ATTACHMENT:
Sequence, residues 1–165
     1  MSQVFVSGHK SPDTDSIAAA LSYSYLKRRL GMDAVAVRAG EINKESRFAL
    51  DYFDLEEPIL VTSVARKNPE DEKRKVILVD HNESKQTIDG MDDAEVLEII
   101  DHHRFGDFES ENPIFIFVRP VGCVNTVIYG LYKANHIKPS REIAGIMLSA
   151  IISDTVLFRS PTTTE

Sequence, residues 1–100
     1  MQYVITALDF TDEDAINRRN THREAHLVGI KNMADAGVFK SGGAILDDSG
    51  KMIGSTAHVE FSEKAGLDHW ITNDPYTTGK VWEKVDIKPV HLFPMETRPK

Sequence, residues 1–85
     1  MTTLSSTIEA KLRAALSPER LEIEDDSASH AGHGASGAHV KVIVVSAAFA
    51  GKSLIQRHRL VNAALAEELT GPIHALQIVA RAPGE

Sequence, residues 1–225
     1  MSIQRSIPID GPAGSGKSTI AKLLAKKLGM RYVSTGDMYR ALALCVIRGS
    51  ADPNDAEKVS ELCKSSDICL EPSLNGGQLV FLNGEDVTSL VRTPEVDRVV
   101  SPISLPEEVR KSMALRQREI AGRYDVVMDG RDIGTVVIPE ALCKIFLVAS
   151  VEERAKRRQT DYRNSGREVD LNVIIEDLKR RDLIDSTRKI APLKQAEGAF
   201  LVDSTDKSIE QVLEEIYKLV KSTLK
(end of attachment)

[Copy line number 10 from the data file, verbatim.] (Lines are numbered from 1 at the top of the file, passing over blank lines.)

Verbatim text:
     1  MTTLSSTIEA KLRAALSPER LEIEDDSASH AGHGASGAHV KVIVVSAAFA